4-day work week: a good idea or just another trendy topic?
How many issues have become relevant in the wake of the pandemic? On the employer side: new approaches to ways of working, new purposes, changes in structures, skill requirements, etc.
For employees: meaningful work, benefits, feeling valued, and opportunity for advancement, but there is one thing that is getting more and more attention and that is the 4-day work week.
Far from being a dream, this is already becoming a reality in some European countries. In Great Britain, more than 3,300 employees from 70 companies took part in the largest pilot test of the 4-day work week with no reduction in pay conducted by 4 Day Week Global, with many employees enjoying more Friday with their families and doing activities that were previously destined for the early weekend, such as going to the supermarket.
Between 2015 and 2019 Iceland also conducted tests on the reduction of working days, concluding that the success was overwhelming and thus concretizing that employee satisfaction and increased productivity.
This is the main detail alleged by critics of the five-day week, that it no longer applies to 21st-century post-industrial economies because it makes welfare and productivity deficient and precarious.
In the United States, many companies are already beginning to test and discuss the 4-day workweek and whether workers need to work 40 hours a week.
Advantages of a 4-day workweek
If an office that generates energy, water, and commodity consumption is shut down one day a week, it is obvious that a significant drop in consumption numbers will be seen.
In Utah, a test was conducted for government employees and the result was a significant ecological impact. In addition to the energy cost savings, the reduction of at least 6,000 metric tons of carbon dioxide emissions by closing the large office building on Fridays. If employee travel is also included, Utah estimated it could save 12,000 metric tons of CO2, the equivalent of taking 2,300 cars off the road for a year, simply by working one less day a week!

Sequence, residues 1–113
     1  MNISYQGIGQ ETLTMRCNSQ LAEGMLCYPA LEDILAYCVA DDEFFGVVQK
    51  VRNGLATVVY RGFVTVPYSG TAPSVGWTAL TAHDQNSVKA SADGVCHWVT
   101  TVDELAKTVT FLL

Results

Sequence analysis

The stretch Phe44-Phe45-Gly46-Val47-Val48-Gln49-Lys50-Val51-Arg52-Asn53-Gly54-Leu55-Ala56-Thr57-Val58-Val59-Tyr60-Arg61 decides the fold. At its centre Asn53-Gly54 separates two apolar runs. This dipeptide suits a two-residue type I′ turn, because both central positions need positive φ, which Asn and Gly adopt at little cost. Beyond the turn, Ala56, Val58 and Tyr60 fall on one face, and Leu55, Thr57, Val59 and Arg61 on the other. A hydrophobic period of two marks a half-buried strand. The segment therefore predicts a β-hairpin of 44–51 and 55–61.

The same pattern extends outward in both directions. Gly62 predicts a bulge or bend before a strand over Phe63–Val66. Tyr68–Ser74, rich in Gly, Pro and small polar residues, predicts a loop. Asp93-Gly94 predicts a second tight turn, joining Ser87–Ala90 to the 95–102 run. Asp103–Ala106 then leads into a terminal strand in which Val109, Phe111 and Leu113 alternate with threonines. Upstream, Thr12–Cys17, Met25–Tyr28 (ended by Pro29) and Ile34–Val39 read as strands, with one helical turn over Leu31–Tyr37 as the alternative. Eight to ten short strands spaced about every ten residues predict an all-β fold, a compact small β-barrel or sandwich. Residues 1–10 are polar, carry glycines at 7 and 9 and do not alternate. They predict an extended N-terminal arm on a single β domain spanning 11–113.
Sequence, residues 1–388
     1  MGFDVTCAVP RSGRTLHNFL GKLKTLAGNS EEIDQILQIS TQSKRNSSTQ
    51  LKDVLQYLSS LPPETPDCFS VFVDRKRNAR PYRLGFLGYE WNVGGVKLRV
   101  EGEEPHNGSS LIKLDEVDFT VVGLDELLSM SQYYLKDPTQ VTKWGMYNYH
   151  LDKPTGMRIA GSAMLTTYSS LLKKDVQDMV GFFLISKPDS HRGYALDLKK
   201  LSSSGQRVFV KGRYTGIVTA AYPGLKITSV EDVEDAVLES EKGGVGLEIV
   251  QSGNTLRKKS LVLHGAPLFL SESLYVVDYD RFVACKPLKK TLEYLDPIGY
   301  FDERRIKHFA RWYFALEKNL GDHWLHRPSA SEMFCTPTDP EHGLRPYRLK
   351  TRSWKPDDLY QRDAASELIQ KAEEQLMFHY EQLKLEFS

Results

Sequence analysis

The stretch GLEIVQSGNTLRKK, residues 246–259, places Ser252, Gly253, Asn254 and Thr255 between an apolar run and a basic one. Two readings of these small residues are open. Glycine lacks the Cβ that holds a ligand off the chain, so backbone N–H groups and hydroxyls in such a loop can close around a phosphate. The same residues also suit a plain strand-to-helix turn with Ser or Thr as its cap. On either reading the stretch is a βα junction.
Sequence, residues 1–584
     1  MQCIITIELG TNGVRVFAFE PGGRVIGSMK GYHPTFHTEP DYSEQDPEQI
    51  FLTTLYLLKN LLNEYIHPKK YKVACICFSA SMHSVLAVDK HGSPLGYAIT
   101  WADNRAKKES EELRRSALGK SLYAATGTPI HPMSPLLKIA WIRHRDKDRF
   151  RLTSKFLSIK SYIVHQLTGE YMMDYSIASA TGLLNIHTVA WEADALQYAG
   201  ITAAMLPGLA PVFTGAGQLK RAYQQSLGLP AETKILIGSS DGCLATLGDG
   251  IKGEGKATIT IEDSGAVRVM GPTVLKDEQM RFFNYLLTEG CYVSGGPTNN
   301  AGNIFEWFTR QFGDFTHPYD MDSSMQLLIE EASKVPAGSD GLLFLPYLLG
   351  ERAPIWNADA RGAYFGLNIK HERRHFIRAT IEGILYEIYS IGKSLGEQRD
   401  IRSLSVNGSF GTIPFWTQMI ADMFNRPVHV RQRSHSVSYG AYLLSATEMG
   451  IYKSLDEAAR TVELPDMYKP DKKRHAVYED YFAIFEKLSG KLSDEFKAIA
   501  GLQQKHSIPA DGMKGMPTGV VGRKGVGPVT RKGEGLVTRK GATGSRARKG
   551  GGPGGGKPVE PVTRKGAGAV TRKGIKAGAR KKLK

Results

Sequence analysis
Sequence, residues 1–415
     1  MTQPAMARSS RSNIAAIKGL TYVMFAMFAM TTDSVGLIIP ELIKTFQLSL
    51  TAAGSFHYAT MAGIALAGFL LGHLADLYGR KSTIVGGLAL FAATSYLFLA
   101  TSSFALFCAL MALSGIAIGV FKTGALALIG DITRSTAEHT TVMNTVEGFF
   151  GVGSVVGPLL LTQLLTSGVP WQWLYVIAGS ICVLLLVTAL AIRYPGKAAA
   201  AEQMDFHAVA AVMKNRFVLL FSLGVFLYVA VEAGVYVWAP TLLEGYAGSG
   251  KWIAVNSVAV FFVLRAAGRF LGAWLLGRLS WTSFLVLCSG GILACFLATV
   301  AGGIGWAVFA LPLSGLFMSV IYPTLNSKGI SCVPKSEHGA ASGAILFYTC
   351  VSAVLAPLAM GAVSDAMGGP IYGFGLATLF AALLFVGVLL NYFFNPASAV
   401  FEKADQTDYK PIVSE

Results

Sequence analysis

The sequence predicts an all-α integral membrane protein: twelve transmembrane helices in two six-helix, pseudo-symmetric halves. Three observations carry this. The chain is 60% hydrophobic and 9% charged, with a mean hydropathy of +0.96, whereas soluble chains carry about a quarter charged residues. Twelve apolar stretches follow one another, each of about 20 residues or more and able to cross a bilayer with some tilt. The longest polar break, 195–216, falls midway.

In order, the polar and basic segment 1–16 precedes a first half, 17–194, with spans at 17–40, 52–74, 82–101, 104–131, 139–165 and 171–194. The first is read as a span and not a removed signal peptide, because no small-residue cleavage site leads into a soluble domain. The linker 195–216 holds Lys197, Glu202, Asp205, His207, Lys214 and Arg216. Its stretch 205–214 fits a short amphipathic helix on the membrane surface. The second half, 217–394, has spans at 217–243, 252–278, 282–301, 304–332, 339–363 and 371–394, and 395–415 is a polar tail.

Who doesn’t like long weekends…having an extra day to enjoy at home, on an outing, with family doing what you love gives the possibility of increased happiness, company loyalty, and a considerable reduction in health problems.
Mainly from the new generations who are looking for other types of incentives, besides the economic one. This benefit keeps employees engaged and focused on productivity.
The non-profit organization 4 Day Week Global, which assists companies with the transition from the traditional 5-day week and even pilot tests before that transition, claims that this reduction in work days improves business productivity, strengthens the health of workers and their families, challenges the gender equality issue and ultimately will bring sustainability benefits to the environment by reducing the carbon footprint.
Will it work for everyone?
Unfortunately for many industries, a 4-day week is not possible, especially if the partners, investors, and customers of a given company continue to work.
Longer hours and stress
It may be that with a shortened week employees will be pressured to fulfill their assignments and increase daily working hours which would cause increased stress.
For the detractors of the 4-day week (and they do exist), companies should prioritize flexibility and rest by not burdening their employees with forced work for 4 days a week.
There should be limits during the 5-day work week, respect the schedule, and take time off between one task and another. Also, employees should be committed to completing tasks even if they take time off for relaxation.
What do you think? Is it feasible for your company to comply with the 4-day work week?